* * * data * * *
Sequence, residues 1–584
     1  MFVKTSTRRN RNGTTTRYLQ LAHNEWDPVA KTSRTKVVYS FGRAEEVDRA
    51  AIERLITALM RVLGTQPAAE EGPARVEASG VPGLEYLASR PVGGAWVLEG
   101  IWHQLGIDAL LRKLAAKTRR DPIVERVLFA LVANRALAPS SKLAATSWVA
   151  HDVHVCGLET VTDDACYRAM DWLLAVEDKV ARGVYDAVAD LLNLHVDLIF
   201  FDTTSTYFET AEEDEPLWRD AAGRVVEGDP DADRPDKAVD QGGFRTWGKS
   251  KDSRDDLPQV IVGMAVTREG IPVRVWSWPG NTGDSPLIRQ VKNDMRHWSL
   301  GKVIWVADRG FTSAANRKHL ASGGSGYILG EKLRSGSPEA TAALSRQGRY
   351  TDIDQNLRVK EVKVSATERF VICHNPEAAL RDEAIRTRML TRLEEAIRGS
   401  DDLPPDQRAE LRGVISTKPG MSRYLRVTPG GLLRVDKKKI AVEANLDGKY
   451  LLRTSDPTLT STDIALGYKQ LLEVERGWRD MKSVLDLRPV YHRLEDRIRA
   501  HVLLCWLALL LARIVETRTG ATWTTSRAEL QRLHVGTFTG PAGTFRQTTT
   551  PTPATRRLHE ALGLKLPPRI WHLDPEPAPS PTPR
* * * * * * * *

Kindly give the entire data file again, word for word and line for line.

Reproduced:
Sequence, residues 1–584
     1  MFVKTSTRRN RNGTTTRYLQ LAHNEWDPVA KTSRTKVVYS FGRAEEVDRA
    51  AIERLITALM RVLGTQPAAE EGPARVEASG VPGLEYLASR PVGGAWVLEG
   101  IWHQLGIDAL LRKLAAKTRR DPIVERVLFA LVANRALAPS SKLAATSWVA
   151  HDVHVCGLET VTDDACYRAM DWLLAVEDKV ARGVYDAVAD LLNLHVDLIF
   201  FDTTSTYFET AEEDEPLWRD AAGRVVEGDP DADRPDKAVD QGGFRTWGKS
   251  KDSRDDLPQV IVGMAVTREG IPVRVWSWPG NTGDSPLIRQ VKNDMRHWSL
   301  GKVIWVADRG FTSAANRKHL ASGGSGYILG EKLRSGSPEA TAALSRQGRY
   351  TDIDQNLRVK EVKVSATERF VICHNPEAAL RDEAIRTRML TRLEEAIRGS
   401  DDLPPDQRAE LRGVISTKPG MSRYLRVTPG GLLRVDKKKI AVEANLDGKY
   451  LLRTSDPTLT STDIALGYKQ LLEVERGWRD MKSVLDLRPV YHRLEDRIRA
   501  HVLLCWLALL LARIVETRTG ATWTTSRAEL QRLHVGTFTG PAGTFRQTTT
   551  PTPATRRLHE ALGLKLPPRI WHLDPEPAPS PTPR